Former Navy Secretary Richard Spencer on Wednesday admonished President Trump for repeatedly involving himself in an internal review of a Navy SEAL whose case led to controversy and Spencer’s ouster over the weekend.
Spencer penned an op-ed in The Washington Post in which he laid out multiple instances where Trump attempted to intervene in a military review of Chief Petty Officer Edward Gallagher, who was accused and later acquitted of several war crimes.
“This was a shocking and unprecedented intervention in a low-level review,” Spencer wrote. “It was also a reminder that the president has very little understanding of what it means to be in the military, to fight ethically or to be governed by a uniform set of rules and practices.”
Spencer called it “highly irregular” for senior military officials to be involved in personnel matters. But he described how Trump “involved himself in the case almost from the start.”
The former secretary wrote that the president called him twice to request Gallagher be released from confinement in the Navy brig while he awaited trial. Trump later asked Spencer to have Gallagher transferred.
The ex-secretary attributed Trump’s intense interest in the case to its prominence in the media.
Gallagher was convicted earlier this year of one charge of posing with an ISIS captive’s body. He was acquitted on more serious charges related to an incident where he allegedly shot at several civilians during a 2017 deployment and killed the ISIS captive, who was already injured, with a hunting knife.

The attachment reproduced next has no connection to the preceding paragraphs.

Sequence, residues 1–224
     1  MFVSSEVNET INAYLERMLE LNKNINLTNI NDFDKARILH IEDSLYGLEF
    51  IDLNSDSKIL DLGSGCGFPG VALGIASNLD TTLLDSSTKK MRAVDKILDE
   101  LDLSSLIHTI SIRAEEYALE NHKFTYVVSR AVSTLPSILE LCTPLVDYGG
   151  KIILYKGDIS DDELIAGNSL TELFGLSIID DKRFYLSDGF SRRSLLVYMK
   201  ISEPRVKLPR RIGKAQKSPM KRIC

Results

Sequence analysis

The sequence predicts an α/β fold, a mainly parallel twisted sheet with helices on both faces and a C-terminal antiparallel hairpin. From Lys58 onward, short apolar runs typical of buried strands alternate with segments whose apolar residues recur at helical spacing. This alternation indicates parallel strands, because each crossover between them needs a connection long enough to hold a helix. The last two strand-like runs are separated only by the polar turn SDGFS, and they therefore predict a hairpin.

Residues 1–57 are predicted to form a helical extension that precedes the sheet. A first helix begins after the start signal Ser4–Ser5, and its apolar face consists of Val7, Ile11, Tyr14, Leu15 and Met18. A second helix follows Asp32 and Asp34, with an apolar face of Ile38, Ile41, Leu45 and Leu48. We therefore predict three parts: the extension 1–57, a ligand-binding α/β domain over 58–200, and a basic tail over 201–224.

Earlier this month, Spencer wrote to Trump asking him not to get involved in the review of whether Gallagher would retain his rank and status as a member of the SEAL force, according to the op-ed. But he said White House counsel Pat Cipollone later called to say Trump would order Gallagher’s rank be restored.
A week later, Trump tweeted that Gallagher would keep his trident pin and subsequently retain his status as a SEAL.
“I recognized that the tweet revealed the president’s intent,” Spencer wrote Wednesday. “But I did not believe it to be an official order, chiefly because every action taken by the president in the case so far had either been a verbal or written command.”
Spencer acknowledged that he sought to find a workaround with the White House without consulting Defense Secretary Mark Esper, a decision that ultimately contributed to his ouster from the administration.
“That was, I see in retrospect, a mistake for which I am solely responsible,” Spencer wrote.
Trump invoked the controversy during a rally Tuesday in Florida, portraying those opposed to his pardon of Gallagher and grant of clemency for two others involved in war crimes cases as members of the “deep state.”
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